Venture Capital is Broken

Joe Maruschak
10 min readJan 5, 2020


Apologies in advance for the click bait title — I actually don’t think venture capital is ‘broken’. Keep reading though, as I hope this article will be worth your time.

This is one of the several ‘big ideas’ I have been pondering that I mention in my ‘Contemplating my Next Adventure, Part III

It is not yet a ‘big idea’, as I don’t yet have a solution for the problem

As a Managing Director and GP in a Fund (Coast to Crest), I now understand the dynamics of running a fund, I know firsthand the dynamics of the decisions that drive the behavior that startup founders despise. I try hard not to be an asshole, but I understand why startup founders can think of me as one (as hard as I try not to be).

Venture capital is ‘broken’, not because it does what it is designed to do (return value to the LPs), but because it does NOT do what many in startup ecosystems across the country want it to do, which is to help be the vehicle to ‘fix’ the dynamics of entrepreneurship and be the driver of the change that everyone says they want.

Everyone wants more startups — they are the fuel for the economy. Everyone wants more ways to see inclusion of women and people of color participating in the American Dream (including me).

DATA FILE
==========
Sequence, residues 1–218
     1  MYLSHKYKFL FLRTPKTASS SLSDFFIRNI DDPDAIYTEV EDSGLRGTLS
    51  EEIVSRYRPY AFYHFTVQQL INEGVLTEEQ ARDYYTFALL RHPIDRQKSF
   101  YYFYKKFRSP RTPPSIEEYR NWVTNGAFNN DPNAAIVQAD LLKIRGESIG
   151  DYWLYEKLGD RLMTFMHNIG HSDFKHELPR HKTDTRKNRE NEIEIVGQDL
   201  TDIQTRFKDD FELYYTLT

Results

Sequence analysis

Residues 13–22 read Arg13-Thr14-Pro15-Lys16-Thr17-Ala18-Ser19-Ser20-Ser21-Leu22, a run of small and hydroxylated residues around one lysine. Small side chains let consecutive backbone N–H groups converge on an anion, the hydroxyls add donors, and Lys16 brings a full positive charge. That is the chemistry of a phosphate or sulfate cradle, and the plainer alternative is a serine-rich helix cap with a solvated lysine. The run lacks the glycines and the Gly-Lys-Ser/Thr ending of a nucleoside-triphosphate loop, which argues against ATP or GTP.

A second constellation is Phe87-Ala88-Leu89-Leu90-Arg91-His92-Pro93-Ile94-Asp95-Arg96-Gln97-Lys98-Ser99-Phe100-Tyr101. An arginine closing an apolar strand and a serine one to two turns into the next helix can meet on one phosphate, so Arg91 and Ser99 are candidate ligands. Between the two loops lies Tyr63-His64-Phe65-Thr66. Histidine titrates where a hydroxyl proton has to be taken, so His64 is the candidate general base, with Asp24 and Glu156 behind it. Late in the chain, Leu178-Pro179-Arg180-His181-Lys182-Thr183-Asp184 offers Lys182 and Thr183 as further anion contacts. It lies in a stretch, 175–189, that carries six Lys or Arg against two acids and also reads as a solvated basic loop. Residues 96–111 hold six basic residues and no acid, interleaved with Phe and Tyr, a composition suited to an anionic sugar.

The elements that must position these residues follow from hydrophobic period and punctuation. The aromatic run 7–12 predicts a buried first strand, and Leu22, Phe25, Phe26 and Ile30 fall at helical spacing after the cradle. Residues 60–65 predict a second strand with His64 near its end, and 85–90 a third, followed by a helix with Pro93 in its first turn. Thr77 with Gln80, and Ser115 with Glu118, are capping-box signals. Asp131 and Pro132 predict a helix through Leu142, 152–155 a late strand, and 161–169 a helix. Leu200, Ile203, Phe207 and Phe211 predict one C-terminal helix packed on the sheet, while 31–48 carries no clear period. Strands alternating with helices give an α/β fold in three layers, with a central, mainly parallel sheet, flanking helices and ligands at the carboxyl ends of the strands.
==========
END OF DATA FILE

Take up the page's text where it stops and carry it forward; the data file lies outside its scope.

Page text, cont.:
The Zebra Movement has the right idea. There should be a way to help finance startups in a way that allow those that are willing to go out on a limb to push the world forward.

Looking to venture capital to be the driver of that change is, in my opinion, not the right way to think about the problem. To an investor in a fund, adding this responsibility to the challenges of running a fund is asking a lot.

Believe it or not, while running a fund is an amazing experience, it is not exactly what I would consider to be ‘fun’. It is isolating, and in a lot of interactions, I am considered ‘the enemy’. While running an accelerator, I was on the front lines of helping these companies, dealing with their problems and challenges, and now that I am ‘money’, I don’t get to see that side of the companies I worked with. I now see the sanitized fiction of their startup story, which I know is a lie.

As a human, it is hard to not to be able to connect to people working in startups in the way that I did before. In the past, I could connect on a human level — and that changes when you are running a fund. I am trying hard to be the mentor I used to be, and can compartmentalize well enough to be able to see the ugly and not have it cloud my judgement as an investor, but the dynamic makes it hard for all parties.

And I am not complaining — just noting that being on the money side of the table changes the dynamic, and it creates a distance that makes it difficult to mentor.

When I was mentoring, I saw all of my advice and stories as just information, data to help the founder develop a framework for solving a problem — a problem that may have many solutions. Now, as an investor, a piece of advice is now viewed as a hoop to jump through. I give advice and if it is followed, it is expected (possibly unconsciously) that it will lead to $.